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Michael Townes Watson

Media Perpetuates “Medical Malpractice” Hoax on Public

For the past six weeks we have heard bits and pieces of the story about Dennis Quaid’s twin babies who received an overdose of medication in the hospital. All of the major networks, magazines and newspapers have published various accounts of the event and its fallout. What is clear from the stories is that the babies got some sort of infection while in the hospital (just like hundreds of thousands of other hospital patients do every year). In order to treat the infection the babies were put on intravenous antibiotics, which required the administration of heparin (a blood-thinning agent) so that clots would not form at the site of the IV. The ultimate nightmare occurred when the wrong vial of heparin was used, and the babies got 100 times the safe dose. Their lives were seriously in danger for many days, and it is still not known if irreparable harm occurred. How can the public hear such a story and still support laws capping damages at levels that undermine the injured patients’ access to the justice system?

The Quaids, and others like them who are hurt by the healthcare system, are not maligned for hiring a lawyer, because the public seems to understand that a wrong was committed. Yet, in the same news cycle, we also hear about the Democratic Presidential race, where John Edwards, a trial lawyer, is in contention for the nomination. Whenever he does get some favorable news recognition above the roar of the battle between Hillary Clinton and Barack Obama, he or his campaign is confronted with some negative question about his background as a trial lawyer.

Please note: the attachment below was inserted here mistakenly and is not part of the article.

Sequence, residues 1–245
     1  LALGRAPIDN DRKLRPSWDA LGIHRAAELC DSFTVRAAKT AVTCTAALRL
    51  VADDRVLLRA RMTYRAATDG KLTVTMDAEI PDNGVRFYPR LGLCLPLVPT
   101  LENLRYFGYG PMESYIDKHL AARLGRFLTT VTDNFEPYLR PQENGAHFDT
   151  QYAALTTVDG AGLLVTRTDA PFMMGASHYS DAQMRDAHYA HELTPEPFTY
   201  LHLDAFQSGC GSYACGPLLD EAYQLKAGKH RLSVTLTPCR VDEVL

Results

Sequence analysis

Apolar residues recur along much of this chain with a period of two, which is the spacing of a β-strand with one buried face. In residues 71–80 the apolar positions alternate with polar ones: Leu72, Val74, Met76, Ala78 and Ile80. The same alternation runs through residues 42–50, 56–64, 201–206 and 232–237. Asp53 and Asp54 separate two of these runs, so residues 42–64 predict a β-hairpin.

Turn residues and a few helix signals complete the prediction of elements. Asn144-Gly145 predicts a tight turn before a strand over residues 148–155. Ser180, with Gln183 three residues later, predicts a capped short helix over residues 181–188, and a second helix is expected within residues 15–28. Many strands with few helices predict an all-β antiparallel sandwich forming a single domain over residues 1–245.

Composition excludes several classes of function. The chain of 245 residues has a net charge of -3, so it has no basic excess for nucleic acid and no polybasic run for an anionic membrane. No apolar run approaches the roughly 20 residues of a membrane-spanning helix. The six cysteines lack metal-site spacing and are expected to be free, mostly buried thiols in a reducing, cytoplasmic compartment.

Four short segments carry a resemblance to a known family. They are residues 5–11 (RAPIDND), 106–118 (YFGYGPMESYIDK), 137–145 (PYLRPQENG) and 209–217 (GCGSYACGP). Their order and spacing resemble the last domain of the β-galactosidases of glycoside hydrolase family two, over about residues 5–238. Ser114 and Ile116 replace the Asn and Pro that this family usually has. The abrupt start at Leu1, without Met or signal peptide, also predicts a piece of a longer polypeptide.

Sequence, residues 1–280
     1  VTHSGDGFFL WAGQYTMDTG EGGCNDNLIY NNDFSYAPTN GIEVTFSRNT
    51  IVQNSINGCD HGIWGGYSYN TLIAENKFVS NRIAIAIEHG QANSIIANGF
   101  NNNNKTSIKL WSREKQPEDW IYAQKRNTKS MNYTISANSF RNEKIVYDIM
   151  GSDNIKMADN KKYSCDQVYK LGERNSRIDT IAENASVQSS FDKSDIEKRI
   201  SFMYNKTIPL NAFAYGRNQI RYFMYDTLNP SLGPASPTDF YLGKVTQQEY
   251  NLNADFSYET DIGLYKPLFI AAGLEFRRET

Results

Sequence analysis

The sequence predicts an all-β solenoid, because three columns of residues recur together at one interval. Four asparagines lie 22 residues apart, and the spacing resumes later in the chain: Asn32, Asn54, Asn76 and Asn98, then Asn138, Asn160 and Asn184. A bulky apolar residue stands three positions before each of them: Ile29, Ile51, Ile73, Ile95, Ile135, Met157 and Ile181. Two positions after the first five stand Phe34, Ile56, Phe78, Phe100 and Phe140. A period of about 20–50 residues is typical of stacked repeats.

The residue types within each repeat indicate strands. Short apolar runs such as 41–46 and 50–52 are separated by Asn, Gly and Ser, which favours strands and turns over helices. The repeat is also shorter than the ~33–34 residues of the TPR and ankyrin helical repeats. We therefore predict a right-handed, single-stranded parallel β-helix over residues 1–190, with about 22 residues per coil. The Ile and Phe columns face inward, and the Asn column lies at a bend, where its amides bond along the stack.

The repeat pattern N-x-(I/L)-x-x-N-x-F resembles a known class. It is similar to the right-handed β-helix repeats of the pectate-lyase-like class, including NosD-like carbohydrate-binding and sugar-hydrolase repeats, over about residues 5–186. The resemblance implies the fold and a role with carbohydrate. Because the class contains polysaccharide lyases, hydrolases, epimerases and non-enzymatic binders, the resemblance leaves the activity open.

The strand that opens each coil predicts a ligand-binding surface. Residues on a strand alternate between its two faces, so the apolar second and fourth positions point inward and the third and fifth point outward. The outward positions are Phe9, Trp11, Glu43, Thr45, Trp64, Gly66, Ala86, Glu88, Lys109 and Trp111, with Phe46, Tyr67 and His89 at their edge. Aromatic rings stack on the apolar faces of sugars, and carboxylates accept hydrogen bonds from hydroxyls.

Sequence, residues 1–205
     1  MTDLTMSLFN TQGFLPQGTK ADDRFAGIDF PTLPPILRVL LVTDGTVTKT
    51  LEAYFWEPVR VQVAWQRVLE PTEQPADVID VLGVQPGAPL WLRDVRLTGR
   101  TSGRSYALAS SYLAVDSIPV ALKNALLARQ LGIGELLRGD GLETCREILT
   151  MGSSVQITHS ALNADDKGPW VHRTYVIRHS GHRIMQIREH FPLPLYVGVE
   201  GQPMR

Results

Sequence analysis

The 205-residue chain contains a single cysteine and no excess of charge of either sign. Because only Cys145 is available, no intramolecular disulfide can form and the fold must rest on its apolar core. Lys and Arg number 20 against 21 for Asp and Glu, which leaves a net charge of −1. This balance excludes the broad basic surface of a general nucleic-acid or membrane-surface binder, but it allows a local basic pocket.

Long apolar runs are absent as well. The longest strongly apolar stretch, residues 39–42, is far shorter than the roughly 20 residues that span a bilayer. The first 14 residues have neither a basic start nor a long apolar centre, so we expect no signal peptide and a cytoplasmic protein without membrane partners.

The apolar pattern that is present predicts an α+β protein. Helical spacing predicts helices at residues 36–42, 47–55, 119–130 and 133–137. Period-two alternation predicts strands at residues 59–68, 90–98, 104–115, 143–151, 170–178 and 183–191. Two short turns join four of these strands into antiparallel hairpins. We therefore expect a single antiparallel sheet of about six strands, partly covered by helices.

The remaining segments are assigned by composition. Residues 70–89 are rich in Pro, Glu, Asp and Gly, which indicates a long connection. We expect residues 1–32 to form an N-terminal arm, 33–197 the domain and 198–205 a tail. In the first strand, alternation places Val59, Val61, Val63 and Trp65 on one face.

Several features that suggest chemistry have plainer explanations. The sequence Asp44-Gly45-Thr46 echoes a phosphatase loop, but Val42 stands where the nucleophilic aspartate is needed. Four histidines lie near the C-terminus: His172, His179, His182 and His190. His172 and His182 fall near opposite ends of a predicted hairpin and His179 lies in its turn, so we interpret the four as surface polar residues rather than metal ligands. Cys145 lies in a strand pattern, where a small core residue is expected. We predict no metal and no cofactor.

The media has swallowed, and is still reeling with heartburn over, the acid propaganda promulgated by the insurance industry about trial lawyers. Chris Matthews, who always wants to appear to “know the truth,” blasted Elizabeth Edwards, claiming that John Edwards profession was “running doctors out of Pennsylvania.” He takes this position, despite the fact that the insurance party line was dispelled in Chris Matthews’ own hometown newspaper, the Philadelphia Inquirer, way back in 2004, at the height of what the insurance companies fraudulently labeled as the “malpractice crisis.”

The media has never reported the results of the exhaustive study done by Public Citizen, where the figures from the National Practitioner Databank (federally mandated data on medical malpractice settlements and verdicts) demonstrate that the Malpractice Crisis was a manufactured hoax. See here, where one can read the true statistics—the actual value of payments has been declining; payments correspond to the severity of injury; and that less than one-half of one percent of malpractice awards is for an amount over one million dollars. So, “litigious” patients are not filing lawsuits and getting rich at the expense of the system.